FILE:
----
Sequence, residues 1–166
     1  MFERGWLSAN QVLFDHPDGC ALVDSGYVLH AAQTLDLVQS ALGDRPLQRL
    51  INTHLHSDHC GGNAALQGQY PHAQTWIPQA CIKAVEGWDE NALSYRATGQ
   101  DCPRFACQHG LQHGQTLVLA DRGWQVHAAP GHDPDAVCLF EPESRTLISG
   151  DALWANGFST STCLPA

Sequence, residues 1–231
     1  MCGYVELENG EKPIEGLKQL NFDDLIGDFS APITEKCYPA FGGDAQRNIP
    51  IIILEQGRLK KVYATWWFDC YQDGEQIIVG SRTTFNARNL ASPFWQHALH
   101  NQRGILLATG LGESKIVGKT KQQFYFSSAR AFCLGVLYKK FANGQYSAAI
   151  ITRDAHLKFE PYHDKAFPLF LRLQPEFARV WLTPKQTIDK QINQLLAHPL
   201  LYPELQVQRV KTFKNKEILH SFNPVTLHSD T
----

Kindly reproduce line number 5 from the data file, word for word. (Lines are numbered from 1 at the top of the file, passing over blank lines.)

   151  DALWANGFST STCLPA